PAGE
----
I've been spending a lot of time on the #opensourcemusicians channel
talking to Ubuntu Studio users about their kernel and latency times they're
getting. Seems like most of them are using g a stock kernel with the
preemptive option enabled and they are getting great latency results
(2ms)while utilizing the @audio group on their user. I ended up compiling
my own low latency kernel and I haven't had any issues with it yet. If this
is what we are missing for the spin I'd be happy to maintain packaging for
the kernel. I know ccrma has been behind a few kernel releases.
I saw the instructions for adding the real time patch for a tick less
kernel and from what I can tell it wouldn't be hard to get that rolling as
I'm not entirely sure what ccrma does differently with their kernels
compared to other Linux users, and I'm still a bit of a noob so I could be
off base with this, but I would reason that we should be able to just
utilize the same settings to archive similar performance enhancements.
I thought I read that ccrma uses a unique scheduler, but if we could get a
2ms latency time without it, the point may be moot.
Following up on a scratch build from two weeks ago, the audacity project
 is now at release candidate 1 for audacity 2.0.0 , and is
expecting to release in another 2 weeks.
I've built packages for Fedora devel  and RPM Fusion 16 .
I would welcome any help you can give in testing either package, as
preparation for release of v2.0.0, and providing packages for Fedora users.
In terms of the testing, while I think a fairly random approach is
useful, think about a task you would like to achieve with audacity, and
follow through with it, to see that it succeeds.
For problems, please create bugs, or reply to this message with a
subject indicating the issue.
Rather than a straight, "works for me", please indicate any
functions/menus you did use, so that others might test different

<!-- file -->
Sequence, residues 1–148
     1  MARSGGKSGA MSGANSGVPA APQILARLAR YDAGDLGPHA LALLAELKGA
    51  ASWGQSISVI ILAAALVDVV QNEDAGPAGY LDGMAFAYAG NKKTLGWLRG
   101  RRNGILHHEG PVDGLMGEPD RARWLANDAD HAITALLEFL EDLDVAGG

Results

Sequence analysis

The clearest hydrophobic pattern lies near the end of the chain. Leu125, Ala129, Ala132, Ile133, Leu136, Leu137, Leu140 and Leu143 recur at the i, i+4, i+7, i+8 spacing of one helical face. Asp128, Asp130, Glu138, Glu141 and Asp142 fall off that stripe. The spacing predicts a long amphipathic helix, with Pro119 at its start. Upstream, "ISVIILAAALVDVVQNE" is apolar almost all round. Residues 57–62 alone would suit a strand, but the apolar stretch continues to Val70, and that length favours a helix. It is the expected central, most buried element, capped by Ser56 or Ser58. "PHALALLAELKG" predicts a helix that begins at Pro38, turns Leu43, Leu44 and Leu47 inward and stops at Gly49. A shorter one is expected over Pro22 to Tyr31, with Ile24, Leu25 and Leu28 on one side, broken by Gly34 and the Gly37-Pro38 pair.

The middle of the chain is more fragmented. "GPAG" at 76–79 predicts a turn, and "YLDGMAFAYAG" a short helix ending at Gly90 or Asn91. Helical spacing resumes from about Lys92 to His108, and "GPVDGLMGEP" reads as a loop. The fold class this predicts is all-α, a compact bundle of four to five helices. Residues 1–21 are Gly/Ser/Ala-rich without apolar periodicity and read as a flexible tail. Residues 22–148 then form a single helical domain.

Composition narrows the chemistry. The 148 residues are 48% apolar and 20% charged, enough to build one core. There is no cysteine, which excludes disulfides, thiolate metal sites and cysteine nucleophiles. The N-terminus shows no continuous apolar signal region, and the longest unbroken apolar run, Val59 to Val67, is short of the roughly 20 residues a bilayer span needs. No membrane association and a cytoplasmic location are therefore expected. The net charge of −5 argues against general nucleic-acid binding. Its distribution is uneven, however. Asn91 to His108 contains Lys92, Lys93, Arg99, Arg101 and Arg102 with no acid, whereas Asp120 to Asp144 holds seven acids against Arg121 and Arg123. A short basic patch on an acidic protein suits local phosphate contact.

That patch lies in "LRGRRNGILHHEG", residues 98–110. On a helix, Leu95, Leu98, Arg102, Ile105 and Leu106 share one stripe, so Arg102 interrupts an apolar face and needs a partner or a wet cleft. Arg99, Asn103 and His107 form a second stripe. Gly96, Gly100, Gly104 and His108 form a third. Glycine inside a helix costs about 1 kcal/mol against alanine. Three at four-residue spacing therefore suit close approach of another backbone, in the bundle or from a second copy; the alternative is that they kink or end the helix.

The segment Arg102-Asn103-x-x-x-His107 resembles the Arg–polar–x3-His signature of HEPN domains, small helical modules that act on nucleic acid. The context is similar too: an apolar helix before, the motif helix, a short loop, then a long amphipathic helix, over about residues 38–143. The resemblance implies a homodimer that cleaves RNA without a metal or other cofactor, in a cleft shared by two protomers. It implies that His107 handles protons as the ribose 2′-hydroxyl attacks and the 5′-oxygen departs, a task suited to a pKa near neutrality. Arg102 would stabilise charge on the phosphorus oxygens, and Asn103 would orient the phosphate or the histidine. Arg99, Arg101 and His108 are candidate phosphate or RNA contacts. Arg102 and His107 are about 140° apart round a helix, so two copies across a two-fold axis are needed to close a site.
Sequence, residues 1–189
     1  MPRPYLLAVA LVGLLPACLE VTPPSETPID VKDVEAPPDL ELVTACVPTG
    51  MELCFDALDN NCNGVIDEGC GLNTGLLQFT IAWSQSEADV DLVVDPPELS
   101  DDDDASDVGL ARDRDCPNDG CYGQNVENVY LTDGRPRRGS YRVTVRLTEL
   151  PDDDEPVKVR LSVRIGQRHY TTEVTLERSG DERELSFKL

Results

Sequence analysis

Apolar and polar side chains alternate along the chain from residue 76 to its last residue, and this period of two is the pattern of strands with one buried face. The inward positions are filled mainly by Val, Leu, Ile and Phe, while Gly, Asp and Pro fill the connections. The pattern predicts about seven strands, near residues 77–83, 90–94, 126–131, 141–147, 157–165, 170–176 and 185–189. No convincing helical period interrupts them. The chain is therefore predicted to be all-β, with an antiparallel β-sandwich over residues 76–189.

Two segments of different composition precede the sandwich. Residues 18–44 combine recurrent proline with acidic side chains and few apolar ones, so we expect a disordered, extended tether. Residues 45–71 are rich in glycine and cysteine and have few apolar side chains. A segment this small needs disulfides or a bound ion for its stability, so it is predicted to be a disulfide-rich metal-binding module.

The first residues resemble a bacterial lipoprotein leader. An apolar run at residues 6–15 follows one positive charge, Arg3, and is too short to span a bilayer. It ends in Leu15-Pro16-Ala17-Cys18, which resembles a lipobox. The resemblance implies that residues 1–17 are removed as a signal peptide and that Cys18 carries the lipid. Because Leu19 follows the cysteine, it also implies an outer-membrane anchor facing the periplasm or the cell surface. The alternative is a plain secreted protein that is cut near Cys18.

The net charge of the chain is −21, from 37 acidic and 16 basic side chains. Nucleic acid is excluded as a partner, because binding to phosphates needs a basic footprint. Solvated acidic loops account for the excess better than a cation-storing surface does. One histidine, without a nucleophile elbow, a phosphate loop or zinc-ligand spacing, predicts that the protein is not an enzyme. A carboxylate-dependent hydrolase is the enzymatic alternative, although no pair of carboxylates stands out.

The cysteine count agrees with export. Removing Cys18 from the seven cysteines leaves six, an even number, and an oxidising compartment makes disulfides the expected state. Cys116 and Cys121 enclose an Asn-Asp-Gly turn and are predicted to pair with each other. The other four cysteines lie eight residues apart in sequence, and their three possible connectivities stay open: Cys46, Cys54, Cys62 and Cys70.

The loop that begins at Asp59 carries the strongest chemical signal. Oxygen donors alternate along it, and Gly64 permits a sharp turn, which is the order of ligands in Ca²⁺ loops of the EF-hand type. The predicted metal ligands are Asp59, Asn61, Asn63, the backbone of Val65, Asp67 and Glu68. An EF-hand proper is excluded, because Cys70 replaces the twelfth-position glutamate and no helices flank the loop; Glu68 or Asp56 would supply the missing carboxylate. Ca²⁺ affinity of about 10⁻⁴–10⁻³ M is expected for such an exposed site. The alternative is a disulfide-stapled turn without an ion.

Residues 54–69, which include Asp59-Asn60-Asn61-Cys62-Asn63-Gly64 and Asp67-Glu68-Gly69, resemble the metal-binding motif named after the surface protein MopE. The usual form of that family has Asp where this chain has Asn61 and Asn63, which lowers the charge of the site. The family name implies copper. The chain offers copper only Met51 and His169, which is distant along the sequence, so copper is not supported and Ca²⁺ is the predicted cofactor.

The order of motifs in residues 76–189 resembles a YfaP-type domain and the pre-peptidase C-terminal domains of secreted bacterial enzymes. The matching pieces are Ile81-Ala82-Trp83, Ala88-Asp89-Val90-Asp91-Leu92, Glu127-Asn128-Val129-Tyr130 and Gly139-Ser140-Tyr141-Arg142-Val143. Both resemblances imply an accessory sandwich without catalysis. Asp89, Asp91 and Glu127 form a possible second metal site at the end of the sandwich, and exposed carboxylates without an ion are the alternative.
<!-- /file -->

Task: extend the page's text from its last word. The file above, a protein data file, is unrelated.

For mp3/ffmpeg file format support, use the version audacity-freeworld
from rpmfusion buildsys instead.
On 2012-02-22 17:00, Christopher R. Antila wrote:
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> On 02/21/2012 03:51 PM, Brendan Jones wrote:
>> On 02/21/2012 09:07 PM, Kyrian wrote:
>>> - Then I think, ah, wrong kernel, and pulseaudio? But that could
>>> be grouped too, no? Have, say, Jack and have it conflict with
>>> pulseaudio somehow?
>> Pulseaudio is proving to be a pain. Its now an implicit dependency
>> of the default desktop (GNOME) which is unfortunate. Having said
>> all that, I think its a great piece of software, but creates
>> unnecessary complications when all you want to do is
>> create/produce and edit music. There are some applications which
>> refuse to play with anything else now (skype anyone?) that mean
>> people like me have no choice but to coexist with it. I'm still not
>> happy with my setup - other users on this list have also posted
>> their solutions . I think we should aim to ship a
>> pulseaudio-less solution. This means we need to decide on a desktop
>> that's not Gnome - of course that won't make everyone happy, but if
>> we have the comps group like you suggest, those gnome users can
>> still pull in the audio packages with ease.
> Something about this seems off.
> I remember when it used to be the case that audio cards generally
> wouldn't work by default in Linux. Slowly, eventually, PulseAudio
> solved that. If we remove PulseAudio, we're forcing our users to "go
> it alone." Now, I understand that PulseAudio isn't ideal for audio
> creation software--that's why it uses JACK--but we don't want to